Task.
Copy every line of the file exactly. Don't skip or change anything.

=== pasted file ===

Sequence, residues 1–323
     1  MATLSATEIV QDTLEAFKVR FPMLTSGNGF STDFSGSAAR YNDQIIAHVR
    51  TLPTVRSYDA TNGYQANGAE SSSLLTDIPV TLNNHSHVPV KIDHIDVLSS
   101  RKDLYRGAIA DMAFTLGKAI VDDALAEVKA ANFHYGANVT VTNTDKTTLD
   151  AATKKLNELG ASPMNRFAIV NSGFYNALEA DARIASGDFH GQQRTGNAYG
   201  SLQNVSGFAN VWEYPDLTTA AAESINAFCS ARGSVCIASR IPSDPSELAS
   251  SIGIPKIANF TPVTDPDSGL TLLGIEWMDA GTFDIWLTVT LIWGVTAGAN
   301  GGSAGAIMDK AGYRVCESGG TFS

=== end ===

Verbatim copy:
Sequence, residues 1–323
     1  MATLSATEIV QDTLEAFKVR FPMLTSGNGF STDFSGSAAR YNDQIIAHVR
    51  TLPTVRSYDA TNGYQANGAE SSSLLTDIPV TLNNHSHVPV KIDHIDVLSS
   101  RKDLYRGAIA DMAFTLGKAI VDDALAEVKA ANFHYGANVT VTNTDKTTLD
   151  AATKKLNELG ASPMNRFAIV NSGFYNALEA DARIASGDFH GQQRTGNAYG
   201  SLQNVSGFAN VWEYPDLTTA AAESINAFCS ARGSVCIASR IPSDPSELAS
   251  SIGIPKIANF TPVTDPDSGL TLLGIEWMDA GTFDIWLTVT LIWGVTAGAN
   301  GGSAGAIMDK AGYRVCESGG TFS